The Archaeology of Liberty in an American Capital: Excavations in Annapolis

The Archaeology of Liberty in an American Capital: Excavations in Annapolis

The Archaeology of Liberty in an American Capital: Excavations in Annapolis

The Archaeology of Liberty in an American Capital: Excavations in Annapolis

Synopsis

What do archaeological excavations in Annapolis, Maryland, reveal about daily life in the city's history? Considering artifacts such as ceramics, spirit bundles, printer's type, and landscapes, this engaging, generously illustrated, and original study illuminates the lives of the city's residents--walking, seeing, reading, talking, eating, and living together in freedom and in oppression for more than three hundred years. Interpreting the results of one of the most innovative projects in American archaeology, The Archaeology of Liberty in an American Capital speaks powerfully to the struggle for liberty among African Americans and the poor.

Excerpt

Although the idea in this book is my own, and I am responsible for how it is played out and the possibilities for a view of history that it creates, my former students and current colleagues contributed in important ways to the project of making Annapolis archaeology contribute to understanding the history of our country. Paul A. Shackel, Barbara J. Little, Parker B. Potter Jr., and Elizabeth B. Kryder-Reid wrote big and groundbreaking dissertations on Annapolis through Archaeology in Annapolis. Paul R. Mullins, Mark S. Warner, Eric Larsen and Hannah Jopling explored African America. Christopher N. Matthews made the nineteenth century a problem by showing how Annapolis modernized behind the mark of historic preservation. and Matthew Palus made understanding the twentieth century into a problem by studying the use of public utilities to create a dependent suburb out of a freestanding town and also archaeology as an activity that could be regulated by government to control property value. Jennifer Babiarz took us out of Annapolis and onto Wye Island to follow William Paca, as has Lisa Kraus. I borrowed heavily from all of them.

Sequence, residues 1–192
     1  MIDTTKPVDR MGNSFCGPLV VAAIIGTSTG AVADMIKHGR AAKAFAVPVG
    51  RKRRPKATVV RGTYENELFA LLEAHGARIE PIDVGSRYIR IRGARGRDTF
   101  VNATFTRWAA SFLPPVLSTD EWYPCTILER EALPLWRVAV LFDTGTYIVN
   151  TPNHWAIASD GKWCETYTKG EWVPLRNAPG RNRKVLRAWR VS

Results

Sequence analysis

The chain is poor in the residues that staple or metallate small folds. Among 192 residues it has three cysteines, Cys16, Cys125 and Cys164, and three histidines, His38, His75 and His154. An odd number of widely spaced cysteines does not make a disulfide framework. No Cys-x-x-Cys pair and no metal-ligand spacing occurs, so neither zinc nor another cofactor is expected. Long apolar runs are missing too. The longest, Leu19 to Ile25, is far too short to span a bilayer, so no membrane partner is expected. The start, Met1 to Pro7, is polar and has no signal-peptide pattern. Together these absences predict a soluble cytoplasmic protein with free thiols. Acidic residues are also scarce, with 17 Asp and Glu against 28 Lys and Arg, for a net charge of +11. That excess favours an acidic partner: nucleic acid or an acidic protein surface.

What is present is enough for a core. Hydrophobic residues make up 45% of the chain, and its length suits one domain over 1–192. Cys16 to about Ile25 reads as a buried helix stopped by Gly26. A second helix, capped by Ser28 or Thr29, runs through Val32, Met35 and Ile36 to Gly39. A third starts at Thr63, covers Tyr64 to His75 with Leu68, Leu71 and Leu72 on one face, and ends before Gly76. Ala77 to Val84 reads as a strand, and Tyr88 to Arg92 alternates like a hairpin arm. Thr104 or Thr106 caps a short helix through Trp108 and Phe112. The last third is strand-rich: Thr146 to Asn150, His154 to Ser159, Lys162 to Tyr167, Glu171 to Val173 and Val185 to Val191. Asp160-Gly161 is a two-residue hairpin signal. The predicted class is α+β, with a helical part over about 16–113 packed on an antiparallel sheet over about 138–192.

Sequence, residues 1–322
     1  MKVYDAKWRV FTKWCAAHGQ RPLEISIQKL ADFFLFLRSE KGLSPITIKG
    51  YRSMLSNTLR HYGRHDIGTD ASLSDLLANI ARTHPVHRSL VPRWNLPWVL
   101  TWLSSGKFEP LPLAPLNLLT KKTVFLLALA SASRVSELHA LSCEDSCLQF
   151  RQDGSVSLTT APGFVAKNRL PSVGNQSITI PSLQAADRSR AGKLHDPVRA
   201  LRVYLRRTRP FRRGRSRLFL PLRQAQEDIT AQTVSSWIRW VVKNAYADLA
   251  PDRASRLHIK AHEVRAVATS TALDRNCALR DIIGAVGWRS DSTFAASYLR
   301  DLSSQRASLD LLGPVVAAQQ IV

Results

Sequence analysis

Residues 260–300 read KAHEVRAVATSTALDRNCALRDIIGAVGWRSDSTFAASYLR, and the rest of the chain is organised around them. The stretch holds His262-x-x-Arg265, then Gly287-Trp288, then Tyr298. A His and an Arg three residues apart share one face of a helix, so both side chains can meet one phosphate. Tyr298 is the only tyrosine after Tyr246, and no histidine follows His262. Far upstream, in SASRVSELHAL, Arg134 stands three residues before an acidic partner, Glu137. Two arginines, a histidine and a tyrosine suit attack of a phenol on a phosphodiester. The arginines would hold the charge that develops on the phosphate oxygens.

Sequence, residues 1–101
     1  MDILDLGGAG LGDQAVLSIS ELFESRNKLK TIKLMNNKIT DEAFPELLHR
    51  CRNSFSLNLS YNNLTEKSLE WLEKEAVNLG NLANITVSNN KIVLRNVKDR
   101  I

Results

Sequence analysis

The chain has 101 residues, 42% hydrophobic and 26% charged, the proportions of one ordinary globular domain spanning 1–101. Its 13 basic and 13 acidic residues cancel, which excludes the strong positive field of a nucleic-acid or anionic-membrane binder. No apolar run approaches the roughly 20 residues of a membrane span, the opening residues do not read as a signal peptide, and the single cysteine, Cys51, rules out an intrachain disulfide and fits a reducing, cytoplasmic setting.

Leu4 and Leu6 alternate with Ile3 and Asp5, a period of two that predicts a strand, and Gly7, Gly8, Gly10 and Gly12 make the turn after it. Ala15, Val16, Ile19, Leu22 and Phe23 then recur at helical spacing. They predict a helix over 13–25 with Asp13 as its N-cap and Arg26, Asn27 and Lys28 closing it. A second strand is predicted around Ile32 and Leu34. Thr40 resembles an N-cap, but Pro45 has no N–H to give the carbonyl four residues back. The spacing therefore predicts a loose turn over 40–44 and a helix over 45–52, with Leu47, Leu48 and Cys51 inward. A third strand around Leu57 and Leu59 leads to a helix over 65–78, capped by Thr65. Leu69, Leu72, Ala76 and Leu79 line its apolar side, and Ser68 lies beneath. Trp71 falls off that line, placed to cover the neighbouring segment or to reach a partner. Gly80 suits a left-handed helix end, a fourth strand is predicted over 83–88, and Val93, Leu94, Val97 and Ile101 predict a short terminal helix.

There were two recruiting environments from which students came to Archaeology in Annapolis. the Department of Anthropology runs an annual archaeological f20095273

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